Ribeiro left his hometown – north eastern, coastal city, Salvador – in January for the landlocked climbs of Sinsheim, home to Julian Nagelsmann’s TSG Hoffenheim. The Bundesliga club parted with a fee in the region of €3 million for the Brazilian’s services, in particular his eye-catching distribution over long distances.
Ribeiro has a penchant for a long ball and is incredibly adept at executing passes of that nature – which is no longer a rarity for modern-day defenders – but for one who has only recently turned 20 years-old with little prior professional experience, it isn’t half bad.
Based on his first professional season with Vitória, it would be sensible to have one or two reservations about Ribeiro’s tactical discipline and understanding, but, having landed at Hoffenheim, he could not be better placed to improve that aspect of his game. His strong physical profile will stand him in good stead in the Bundesliga, and with injury problems plaguing the likes of Ermin Bičakčić and Benjamin Hübner, it may not be too long before Ribeiro has his first taste of European football.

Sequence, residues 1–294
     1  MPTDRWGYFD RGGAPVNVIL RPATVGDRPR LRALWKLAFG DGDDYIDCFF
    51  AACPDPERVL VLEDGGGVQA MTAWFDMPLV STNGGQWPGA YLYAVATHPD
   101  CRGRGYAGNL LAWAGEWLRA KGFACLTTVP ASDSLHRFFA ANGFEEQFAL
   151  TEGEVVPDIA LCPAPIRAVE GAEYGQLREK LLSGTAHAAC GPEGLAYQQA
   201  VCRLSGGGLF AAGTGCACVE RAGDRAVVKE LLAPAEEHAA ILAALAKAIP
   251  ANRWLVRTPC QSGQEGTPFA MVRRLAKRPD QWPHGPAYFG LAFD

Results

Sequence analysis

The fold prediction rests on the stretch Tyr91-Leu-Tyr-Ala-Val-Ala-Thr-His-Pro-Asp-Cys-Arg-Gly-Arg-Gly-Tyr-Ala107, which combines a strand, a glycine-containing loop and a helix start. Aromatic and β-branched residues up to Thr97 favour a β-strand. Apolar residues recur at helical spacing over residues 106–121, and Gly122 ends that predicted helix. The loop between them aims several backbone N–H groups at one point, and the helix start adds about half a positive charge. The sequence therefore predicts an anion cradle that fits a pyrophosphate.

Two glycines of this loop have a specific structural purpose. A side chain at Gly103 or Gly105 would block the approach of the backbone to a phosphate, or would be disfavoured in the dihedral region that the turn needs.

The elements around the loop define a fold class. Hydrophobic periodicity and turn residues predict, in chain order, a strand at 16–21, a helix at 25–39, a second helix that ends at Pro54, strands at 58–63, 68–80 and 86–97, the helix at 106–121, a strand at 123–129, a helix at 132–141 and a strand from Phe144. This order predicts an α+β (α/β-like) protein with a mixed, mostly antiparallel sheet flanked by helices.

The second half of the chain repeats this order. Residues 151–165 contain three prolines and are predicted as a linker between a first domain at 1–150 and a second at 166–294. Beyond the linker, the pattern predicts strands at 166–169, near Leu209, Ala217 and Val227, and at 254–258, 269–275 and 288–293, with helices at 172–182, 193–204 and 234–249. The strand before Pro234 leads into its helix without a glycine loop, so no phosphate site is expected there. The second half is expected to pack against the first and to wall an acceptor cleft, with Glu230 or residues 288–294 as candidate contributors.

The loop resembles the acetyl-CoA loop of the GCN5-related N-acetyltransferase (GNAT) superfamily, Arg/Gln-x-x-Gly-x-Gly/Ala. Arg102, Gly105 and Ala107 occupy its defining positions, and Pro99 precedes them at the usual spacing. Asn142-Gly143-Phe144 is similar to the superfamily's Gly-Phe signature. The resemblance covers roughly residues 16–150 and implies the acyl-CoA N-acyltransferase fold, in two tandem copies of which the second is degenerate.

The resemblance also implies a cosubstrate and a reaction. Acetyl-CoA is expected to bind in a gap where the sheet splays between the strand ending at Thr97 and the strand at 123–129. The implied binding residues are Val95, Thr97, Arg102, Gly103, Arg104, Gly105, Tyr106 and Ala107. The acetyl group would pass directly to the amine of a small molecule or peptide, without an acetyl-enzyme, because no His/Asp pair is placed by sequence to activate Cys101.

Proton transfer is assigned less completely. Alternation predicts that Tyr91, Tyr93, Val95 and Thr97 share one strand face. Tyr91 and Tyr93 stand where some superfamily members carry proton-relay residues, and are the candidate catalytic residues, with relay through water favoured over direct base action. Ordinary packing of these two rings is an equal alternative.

For a side that regularly starts with a three-man central defence, this could greatly benefit Ribeiro.
Ozan Kabak – VfB Stuttgart
Joining Bundesliga outfit VfB Stuttgart in January, Ozan Kabak comes off the back of a hugely impressive first campaign with Galatasaray SK, particularly in the UEFA Champions League group stage.
The 18-year-old was one of the most capable and efficient tacklers during the first round. He averaged 4.3 tackles per 90 minutes across his four appearances, and no player with more than 20 attempts was beaten fewer times.